Shot of a young couple waiting for the result of a home pregnancy test PeopleImages/ Getty Images

Do tests that promise early detection actually work?

Some specialty tests are able to detect a pregnancy as early as six days before a missed period (which, FYI, is not the day your period is expected but the day after). “But the earlier you test, the less accurate the test will be because ovulation isn’t perfectly consistent from month to month and implantation can vary by two or three days post-ovulation,” she says. “I have seen patients get quite upset when an early test is negative, only to find totally appropriate hCG levels present the day their period is due.”

Cropped shot of an unrecognizable woman taking a pregnancy test at home PeopleImages/ Getty Images


I have irregular periods. When should I test to ensure accuracy?

If your periods are irregular and vary by more than a couple of days each month, it will be harder to know when to test for pregnancy, but results from ovulation tracking can act as a guide. If your urinary ovulation monitor, which detects luteinizing hormone (LH)—the hormone that triggers ovulation—gets a positive result, you can test for pregnancy about 10 to 14 days afterwards. (Note: This method won’t work if you tend to get false-positive urinary LH readings.) The same is true if you track your temperature and notice the subtle rise that occurs after ovulation. Simply wait 10 to 14 days before taking a pregnancy test. “If you don’t want to track ovulation or find it difficult, test for pregnancy once a week,” says Schram.

Is price a factor when it comes to pregnancy test accuracy?

Pregnancy test accuracy is not affected by price. If your dollar store pregnancy test says you’re pregnant, you almost certainly are. That said, more expensive tests may have increased sensitivity, so they’ll be able to detect lower levels of hCG and provide positive test results at an earlier date than cheaper tests. “That’s why you shouldn’t rely on dollar store tests to test really early,” says Schram.

Rearview shot of a young woman looking at products in a pharmacy PeopleImages/ Getty Images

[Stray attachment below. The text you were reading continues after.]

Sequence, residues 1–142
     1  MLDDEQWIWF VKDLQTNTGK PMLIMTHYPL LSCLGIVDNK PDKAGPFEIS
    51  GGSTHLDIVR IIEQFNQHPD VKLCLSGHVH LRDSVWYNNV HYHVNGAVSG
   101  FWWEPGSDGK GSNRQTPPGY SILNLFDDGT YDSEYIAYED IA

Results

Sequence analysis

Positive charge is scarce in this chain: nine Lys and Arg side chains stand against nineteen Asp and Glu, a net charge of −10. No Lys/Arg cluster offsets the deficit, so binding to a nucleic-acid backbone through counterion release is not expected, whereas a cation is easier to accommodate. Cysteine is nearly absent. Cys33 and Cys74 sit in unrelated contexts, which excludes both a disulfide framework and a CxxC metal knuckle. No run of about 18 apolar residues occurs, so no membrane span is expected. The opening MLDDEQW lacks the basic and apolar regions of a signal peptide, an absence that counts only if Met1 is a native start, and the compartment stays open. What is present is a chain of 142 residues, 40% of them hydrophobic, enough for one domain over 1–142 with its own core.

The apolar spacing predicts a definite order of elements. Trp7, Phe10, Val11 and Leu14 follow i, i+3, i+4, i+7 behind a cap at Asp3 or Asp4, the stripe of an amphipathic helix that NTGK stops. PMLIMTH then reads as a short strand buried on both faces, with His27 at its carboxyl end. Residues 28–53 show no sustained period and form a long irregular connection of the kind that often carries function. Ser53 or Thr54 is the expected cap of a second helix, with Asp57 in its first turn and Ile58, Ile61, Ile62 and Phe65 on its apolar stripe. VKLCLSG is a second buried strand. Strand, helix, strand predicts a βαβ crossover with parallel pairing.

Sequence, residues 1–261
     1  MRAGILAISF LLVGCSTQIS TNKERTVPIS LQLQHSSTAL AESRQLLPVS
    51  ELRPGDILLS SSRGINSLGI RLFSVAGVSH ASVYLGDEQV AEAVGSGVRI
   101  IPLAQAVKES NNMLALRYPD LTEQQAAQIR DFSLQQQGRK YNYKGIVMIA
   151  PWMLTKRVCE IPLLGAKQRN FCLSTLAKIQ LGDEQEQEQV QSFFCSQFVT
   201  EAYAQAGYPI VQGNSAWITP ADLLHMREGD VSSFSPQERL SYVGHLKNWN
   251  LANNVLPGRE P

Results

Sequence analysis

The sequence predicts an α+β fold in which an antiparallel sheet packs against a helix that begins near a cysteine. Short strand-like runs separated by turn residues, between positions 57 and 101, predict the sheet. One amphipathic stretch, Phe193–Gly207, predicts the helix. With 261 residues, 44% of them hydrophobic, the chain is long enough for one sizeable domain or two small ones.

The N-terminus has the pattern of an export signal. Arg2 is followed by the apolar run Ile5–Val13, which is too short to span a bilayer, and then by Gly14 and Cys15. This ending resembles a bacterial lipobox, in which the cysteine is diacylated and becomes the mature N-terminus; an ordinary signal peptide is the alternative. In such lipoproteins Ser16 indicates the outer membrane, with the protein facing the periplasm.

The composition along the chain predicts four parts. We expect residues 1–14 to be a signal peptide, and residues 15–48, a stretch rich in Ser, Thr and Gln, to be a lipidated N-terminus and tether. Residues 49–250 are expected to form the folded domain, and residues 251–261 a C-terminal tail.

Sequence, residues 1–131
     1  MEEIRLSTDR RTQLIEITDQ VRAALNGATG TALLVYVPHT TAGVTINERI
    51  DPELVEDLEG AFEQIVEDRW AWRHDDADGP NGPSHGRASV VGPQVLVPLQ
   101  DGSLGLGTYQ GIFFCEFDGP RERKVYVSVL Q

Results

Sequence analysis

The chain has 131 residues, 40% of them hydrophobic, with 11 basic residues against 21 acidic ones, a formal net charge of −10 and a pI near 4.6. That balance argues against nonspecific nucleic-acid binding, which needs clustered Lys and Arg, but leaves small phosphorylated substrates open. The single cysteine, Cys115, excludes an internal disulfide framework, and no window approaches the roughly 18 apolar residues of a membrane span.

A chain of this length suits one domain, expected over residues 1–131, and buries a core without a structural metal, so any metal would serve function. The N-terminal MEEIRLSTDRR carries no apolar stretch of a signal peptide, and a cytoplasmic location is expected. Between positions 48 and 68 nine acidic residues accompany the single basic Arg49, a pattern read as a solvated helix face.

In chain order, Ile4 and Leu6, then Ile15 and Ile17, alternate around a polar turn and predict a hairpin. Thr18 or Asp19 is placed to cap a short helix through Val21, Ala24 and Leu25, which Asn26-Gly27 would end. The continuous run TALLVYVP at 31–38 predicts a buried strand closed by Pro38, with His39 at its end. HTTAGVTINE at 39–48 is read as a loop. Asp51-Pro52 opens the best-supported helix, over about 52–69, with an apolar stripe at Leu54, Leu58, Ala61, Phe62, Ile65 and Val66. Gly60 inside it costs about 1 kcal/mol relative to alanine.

Should I use the accuracy percentage on the package to choose my test?

Any test you find at a Canadian drugstore, grocery store or dollar store will have more than 99 percent accuracy if you test on the day of your expected period or afterwards. More-expensive early detection tests may include a table with accuracy percentages for up to six days before a missed period, and you’ll notice that accuracy decreases the earlier you try to test. (For example, the Clearblue Early Detection Pregnancy Test claims more than 99 percent accuracy if you test the day of your expected period or one, two or three days before; 96 percent accuracy four days before; and 79 percent five days before. These numbers are comparable to the First Response Early Result Pregnancy Test.)

Shot of a young woman browsing the shelves of a pharmacy AlexanderFord/ Getty Images


Should I rely on detectable hCG levels to choose my test?

One of the most valuable pieces of information you can have is the hCG level that the test can detect. The lower the amount of hCG required, the more sensitive the test and the earlier you’ll be able to confirm a pregnancy. Unfortunately, this information can be hard to come by. Clearblue is transparent and posts these levels on its website. Other brands list them on the directions inside their packages (so you won’t know the detectable hCG level unless you buy a test). Other brands refuse to give out this information at all.